‘No consular access to India for Gopal Dass by Pakistan’

May 12th, 2008 - 8:56 pm ICT by admin  

A file-photo of Pervez Musharraf

New Delhi, May 12 (IANS) The Union Government Monday informed the Supreme Court that Pakistan is not providing consular access to India for its alleged spy Gopal Dass, languishing in various jails of the neighbouring country since 1984. Solicitor General Goolam E. Vahanvati apprised the bench of Chief Justice K.G. Balakrishnan of Pakistan’s refusal to let Indian High Commission official in Islamabad meet Dass. The court Monday took up a brief hearing on Dass’s brother’s petition aimed at securing his release.

The government’s law officer, however, told the bench that India and Pakistan have formed a joint committee to look into the cases of nationals of each lodged as prisoners in the other’s jails .

The bench, which also included Justice R.V. Raveendran and Justice M.K. Sharma, adjourned the hearing of the case to August after the law officer informed that the government was trying its level best to secure Dass’s release from jail in Pakistan.

Dass’s brother Anand Vir of Faridkot in Punjab has moved the apex court seeking its intervention in securing his brother’s release on the basis of a letter sent to Chief Justice Balakrishnan through him.

On the basis of the letter, the Supreme Court had asked Feb 18 for the government’s response on Dass’s plea. The chief justice, without actually issuing notice to the government, had asked Solicitor General Vahanvati to respond to the petition.

Gopal Dass, who was arrested by Pakistani forces July 27, 1984 and claims to be an Indian spy, sent his letter to Chief Justice Balakrishnan Oct 10 last year from the Mianwali Jail in Pakistan’s Punjab province.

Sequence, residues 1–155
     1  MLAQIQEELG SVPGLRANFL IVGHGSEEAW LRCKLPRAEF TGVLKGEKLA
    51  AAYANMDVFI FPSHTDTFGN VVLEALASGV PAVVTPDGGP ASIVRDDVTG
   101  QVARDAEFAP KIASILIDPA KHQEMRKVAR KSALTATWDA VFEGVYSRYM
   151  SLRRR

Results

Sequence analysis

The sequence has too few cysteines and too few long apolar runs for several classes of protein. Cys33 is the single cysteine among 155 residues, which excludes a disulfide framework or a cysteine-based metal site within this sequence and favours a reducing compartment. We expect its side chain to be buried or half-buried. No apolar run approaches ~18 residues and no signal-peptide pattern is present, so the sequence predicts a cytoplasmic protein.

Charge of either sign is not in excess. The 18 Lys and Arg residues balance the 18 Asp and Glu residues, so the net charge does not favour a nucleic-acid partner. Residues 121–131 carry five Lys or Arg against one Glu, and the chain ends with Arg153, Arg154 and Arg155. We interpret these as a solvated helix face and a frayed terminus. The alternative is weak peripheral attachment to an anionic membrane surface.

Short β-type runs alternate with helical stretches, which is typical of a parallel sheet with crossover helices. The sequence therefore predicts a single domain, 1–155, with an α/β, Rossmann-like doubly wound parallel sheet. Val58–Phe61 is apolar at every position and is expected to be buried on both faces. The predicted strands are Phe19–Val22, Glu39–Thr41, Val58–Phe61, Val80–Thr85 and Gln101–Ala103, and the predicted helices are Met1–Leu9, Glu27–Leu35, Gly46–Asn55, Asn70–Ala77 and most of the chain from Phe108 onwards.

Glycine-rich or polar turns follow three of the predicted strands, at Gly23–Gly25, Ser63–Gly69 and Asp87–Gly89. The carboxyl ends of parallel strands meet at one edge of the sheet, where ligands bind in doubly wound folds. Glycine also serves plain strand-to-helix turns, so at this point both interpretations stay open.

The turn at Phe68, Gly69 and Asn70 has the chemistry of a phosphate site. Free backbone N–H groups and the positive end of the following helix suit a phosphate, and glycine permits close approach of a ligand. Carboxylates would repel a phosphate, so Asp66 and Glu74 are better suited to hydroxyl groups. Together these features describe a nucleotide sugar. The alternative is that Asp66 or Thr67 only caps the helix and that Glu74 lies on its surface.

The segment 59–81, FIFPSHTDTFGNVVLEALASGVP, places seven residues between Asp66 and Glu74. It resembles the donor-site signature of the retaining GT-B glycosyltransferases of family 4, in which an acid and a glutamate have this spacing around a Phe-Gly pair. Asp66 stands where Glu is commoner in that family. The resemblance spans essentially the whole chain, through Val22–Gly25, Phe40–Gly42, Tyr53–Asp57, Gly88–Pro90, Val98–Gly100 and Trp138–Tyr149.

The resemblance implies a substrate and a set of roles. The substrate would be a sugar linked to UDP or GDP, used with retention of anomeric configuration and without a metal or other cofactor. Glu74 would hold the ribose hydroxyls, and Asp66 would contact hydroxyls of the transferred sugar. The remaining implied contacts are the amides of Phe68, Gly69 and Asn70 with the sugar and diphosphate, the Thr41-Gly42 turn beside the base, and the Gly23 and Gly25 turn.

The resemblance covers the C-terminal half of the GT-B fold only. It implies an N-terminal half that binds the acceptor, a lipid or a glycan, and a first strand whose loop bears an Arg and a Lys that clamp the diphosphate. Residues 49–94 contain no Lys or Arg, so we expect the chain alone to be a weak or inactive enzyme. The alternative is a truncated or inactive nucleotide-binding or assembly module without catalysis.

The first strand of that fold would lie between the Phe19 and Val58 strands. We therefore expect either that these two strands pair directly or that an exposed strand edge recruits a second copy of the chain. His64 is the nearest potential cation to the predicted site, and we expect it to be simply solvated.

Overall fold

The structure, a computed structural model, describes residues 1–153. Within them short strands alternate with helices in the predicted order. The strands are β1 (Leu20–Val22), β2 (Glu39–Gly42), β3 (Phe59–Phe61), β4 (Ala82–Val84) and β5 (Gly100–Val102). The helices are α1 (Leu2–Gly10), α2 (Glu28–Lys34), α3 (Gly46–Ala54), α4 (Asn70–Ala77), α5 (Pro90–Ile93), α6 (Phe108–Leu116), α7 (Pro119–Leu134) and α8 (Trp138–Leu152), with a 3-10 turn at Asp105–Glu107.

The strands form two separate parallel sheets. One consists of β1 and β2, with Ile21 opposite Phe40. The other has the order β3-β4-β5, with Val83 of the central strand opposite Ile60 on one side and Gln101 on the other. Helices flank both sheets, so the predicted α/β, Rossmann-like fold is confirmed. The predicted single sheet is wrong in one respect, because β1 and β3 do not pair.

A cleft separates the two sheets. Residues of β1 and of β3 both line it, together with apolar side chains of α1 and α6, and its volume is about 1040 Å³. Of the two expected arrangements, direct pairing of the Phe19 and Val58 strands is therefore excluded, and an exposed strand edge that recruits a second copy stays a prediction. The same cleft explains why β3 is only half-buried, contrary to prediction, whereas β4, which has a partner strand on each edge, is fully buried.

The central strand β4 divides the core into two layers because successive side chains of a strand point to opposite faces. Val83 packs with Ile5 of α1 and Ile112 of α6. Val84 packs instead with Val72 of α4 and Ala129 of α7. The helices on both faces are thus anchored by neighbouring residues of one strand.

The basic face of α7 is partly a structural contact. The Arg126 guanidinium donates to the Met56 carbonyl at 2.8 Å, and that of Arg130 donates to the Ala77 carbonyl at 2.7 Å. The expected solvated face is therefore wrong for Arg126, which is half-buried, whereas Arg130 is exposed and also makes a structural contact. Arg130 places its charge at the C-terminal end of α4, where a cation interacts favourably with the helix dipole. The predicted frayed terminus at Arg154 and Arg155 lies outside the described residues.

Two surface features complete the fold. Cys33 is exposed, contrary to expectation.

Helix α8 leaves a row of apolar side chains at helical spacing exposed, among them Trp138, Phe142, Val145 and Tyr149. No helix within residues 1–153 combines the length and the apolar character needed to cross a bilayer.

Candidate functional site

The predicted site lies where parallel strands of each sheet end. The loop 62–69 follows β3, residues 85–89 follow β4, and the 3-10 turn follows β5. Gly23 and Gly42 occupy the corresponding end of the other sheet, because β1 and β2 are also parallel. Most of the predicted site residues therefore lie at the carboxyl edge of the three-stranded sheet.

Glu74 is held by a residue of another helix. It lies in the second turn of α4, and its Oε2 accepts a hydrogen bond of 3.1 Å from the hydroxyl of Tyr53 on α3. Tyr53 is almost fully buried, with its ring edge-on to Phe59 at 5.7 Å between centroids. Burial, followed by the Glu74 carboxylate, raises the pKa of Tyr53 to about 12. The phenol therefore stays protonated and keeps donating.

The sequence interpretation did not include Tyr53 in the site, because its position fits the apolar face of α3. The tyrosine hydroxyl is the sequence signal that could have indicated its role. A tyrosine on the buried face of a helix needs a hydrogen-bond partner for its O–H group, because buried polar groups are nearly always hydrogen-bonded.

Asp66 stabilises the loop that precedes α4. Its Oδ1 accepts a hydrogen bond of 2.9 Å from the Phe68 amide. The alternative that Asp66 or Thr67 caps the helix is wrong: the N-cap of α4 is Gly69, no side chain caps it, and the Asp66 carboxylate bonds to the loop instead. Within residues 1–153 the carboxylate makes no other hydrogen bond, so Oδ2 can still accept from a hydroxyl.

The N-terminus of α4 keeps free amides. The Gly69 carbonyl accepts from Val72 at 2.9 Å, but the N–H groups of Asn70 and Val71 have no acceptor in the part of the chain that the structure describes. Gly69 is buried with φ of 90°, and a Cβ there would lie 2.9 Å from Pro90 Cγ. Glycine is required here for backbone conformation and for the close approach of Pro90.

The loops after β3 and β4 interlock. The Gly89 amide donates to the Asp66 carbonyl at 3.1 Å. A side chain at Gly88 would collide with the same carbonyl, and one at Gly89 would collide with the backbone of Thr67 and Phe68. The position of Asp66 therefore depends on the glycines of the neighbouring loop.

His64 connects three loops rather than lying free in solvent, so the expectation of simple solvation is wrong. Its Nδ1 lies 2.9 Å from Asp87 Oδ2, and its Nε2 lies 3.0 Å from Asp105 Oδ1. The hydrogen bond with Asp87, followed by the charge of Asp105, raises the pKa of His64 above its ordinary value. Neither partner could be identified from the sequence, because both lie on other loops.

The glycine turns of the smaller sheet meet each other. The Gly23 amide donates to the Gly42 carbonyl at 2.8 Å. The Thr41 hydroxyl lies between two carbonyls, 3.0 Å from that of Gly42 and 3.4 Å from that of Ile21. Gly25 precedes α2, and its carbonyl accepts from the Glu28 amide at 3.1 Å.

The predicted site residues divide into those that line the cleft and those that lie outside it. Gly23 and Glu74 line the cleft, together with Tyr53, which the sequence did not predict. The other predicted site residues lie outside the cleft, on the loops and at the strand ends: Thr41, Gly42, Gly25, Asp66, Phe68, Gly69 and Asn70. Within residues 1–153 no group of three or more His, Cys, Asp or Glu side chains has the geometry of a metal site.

In his letter, Dass has made a fervent plea to his brother: “Dear brother, please tell the apex court judge about us and request him to ask the government why they don’t take back the Indians who have sacrificed themselves for their motherland. Are we not Indian citizens?”

Written in a mix of Hindi and Urdu, Dass goes on to ask: “Are the ministers blind or deaf? Judge sahib, please ask them why they don’t take their country’s spies back. Do we have to give them money?”

Implicating both India and Pakistan, Dass asks: “How can Indian and Pakistani ministers say that they do not indulge in espionage against each other?”

“It’s known to the entire world that both countries indulge in espionage. Every time a spy is held, it’s reported by the entire media, including the BBC.”

Dass has written that the Indian government has virtually forgotten nearly 200 prisoners like him and goes on to detail the plight of four other prisoners who, he says, completed their sentence at least five years ago, including Kashmir Singh who was freed March last by President Pervez Musharraf from Lahore’s Central Jail after spending 35 years in Pakistani jails.

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